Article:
Breaking down these numbers, I approved approximately 21.37% of all suggestions and of those women whom I approved only 18.24% reciprocated. Out of all 711 total suggestions, only 3.93% resulted in an actual first date. As pathetic as these numbers are, they don’t even tell the full story. In the event a woman chose to receive the suggestion first, it would not necessarily appear in my list and thus I could be under counting just now many times I’ve been declined.

One could look at these numbers and say that I’m too selective even though my percentage of approving women at 21.37% is greater than the 18.24% reciprocity. From my experience, here are the main reasons why I declined matches:

  • Already Friends / Dated – I don’t have an inherent objection to dating people I already know, but I can tell if I’m not interested. If I’ve already dated someone, no point in trying again unless there’s a good reason. On the plus side, it does give me a sense if the matchmaker is on the right track.

  • Too Far / Distance – I’ve never done well with long distance relationships, and since becoming a rabbi I have neither the time nor money to travel. Despite saying this explicitly in my profile I’ve gotten many suggestions for people who live outside of my stated geographic range. (The most inexplicable one was London). A bad sign since it clearly indicates the matchmaker ignored what I had to say.

  • Personality – This is a little more complicated to quantify. As I discussed in my guide to online Jewish dating, writing profiles can be tricky. More often than not, women on SYAS write horribly generic statements which tell me nothing about themselves such that I have no idea how this person would match the personality for whom I am looking.2Even off the site I’ve found that many people find it difficult to answer the simple question, “how is she what I’m looking for and vice versa?” Just recently a good friend was pushing me to date a mutual friend of hers, however she was at a complete loss at how to describe her beyond the generic, “nice, sweet, pretty” bromides. Following what I’ve said years ago, I will only invest time, energy, and money into people whom I want to date. Meaning, there has to be a good reason for me to go out with this person as opposed to me justifying my reluctance.

I’d also add that I’ve periodically gone outside my range just for the sake of not being too obstinate, though the results have been the same.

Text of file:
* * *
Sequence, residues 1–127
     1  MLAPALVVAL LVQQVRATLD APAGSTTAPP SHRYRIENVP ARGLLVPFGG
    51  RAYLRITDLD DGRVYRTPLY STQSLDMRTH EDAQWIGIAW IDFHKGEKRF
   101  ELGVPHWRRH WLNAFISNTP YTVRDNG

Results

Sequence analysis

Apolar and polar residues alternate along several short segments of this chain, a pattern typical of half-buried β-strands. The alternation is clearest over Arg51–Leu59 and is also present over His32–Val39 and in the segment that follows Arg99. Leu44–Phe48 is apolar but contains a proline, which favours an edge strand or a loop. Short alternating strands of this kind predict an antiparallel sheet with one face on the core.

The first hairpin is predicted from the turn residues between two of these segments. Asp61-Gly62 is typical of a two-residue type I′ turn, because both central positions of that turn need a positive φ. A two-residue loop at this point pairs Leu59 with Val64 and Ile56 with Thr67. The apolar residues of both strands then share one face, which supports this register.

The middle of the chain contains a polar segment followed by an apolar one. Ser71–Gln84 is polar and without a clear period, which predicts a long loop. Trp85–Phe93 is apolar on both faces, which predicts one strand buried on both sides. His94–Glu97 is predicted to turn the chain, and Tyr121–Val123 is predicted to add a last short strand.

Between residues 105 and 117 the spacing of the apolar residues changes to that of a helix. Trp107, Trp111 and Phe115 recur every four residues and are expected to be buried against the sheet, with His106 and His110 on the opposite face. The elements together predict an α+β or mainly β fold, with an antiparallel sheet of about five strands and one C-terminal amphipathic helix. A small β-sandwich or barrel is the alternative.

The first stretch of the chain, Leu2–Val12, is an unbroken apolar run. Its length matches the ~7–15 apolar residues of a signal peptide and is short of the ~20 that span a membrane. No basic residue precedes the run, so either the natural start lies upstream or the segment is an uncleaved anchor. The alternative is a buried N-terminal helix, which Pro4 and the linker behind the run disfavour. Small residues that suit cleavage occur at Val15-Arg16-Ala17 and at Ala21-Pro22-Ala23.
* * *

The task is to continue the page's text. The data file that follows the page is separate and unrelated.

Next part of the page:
Then of course is the actual date itself. In my experience, absolutely zero (0) blind shidduch date in any media has ever produced a meaningful serious relationship (though a few have resulted in good friendships). There are probably a whole slew of personal reasons for this, some of which I’ve explored at length elsewhere on this site. Both of the serious relationships I’ve had have come from meeting people in normal, if not optimal social settings.3

Has shidduch dating worked for some people? Absolutely. However, to insist that people continue to operate within the confines of a system which has clearly failed them is, as Einstein would put it, “insane.” One person is not a statistically significant sample, but I doubt my experience in the blind shidduch world is unique.

While I’m not quite giving up on dating, I am acknowledging based on the empirical evidence that this method is not working for me and it would thus be foolish to continue actively pursuing blind shidduch dates, let alone paying for the privilege. Since I started dating I would not be surprised if I have received at least 1,000 total dating suggestions; but like Kohelet, I have not found even one.

As Kohelet might say in this case, this is a time to move on.

1. The site’s name itself is sort of an inside Jewish joke, referring to Midrashic statements that all Jewish souls were present at the reveleation on Mt. Sinai. See for example B. Shabbat 146a.
2. To be sure, not everyone can express themselves verbally, but as I wrote in the guide to online Jewish dating, if you cannot get your personality across in a profile, don’t choose this medium since your profile is all someone has on which to rely. Additionally, it is possible to write good profiles; compare for example random ones found on Ok Cupid with any of the exclusively Jewish sites.
3. One at the first Edah conference, the other at a Shabbat meal in Washington Heights.

The “Pathology” of Life

“Is a dream a lie if it don’t come true – or is it something worse?”
Bruce Springsteen, “The River”

Since becoming a pulpit Rabbi I have intentionally avoided writing about my personal life, but recent news prompts me to share some ideas which I suspect will resonate with at least some of my loyal readers. As some of you may know I recently applied for PhD programs in Religious Ethics, with the intent of focusing on the relatively unexplored ethical tradition of Rabbinic Judaism. With two M.A.’s, life experience, and a clear program of study I considered myself to be a decent candidate – certainly as good as anyone else who would apply. However, spots for these fellowshipped positions are extremely limited. One program to which I applied accepts an average of two students a year, though occasionally will go up to three or down to one. In a bad economy where more students are applying to graduate schools rather than going out into “the real world,” these programs are inundated with applicants. The other school to which I applied received over 10,000 total applications for graduate school study.